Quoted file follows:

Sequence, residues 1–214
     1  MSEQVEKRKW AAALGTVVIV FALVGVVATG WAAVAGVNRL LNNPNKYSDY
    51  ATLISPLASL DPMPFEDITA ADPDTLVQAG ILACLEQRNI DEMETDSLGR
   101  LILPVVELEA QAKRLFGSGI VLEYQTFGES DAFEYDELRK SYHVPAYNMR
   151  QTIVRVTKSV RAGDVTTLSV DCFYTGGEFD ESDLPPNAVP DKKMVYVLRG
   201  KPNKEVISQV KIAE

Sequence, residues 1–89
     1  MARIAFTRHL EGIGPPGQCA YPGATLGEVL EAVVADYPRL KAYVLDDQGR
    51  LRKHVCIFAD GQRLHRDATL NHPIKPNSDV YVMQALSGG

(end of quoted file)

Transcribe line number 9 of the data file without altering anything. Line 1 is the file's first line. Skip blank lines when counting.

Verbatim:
    51  LRKHVCIFAD GQRLHRDATL NHPIKPNSDV YVMQALSGG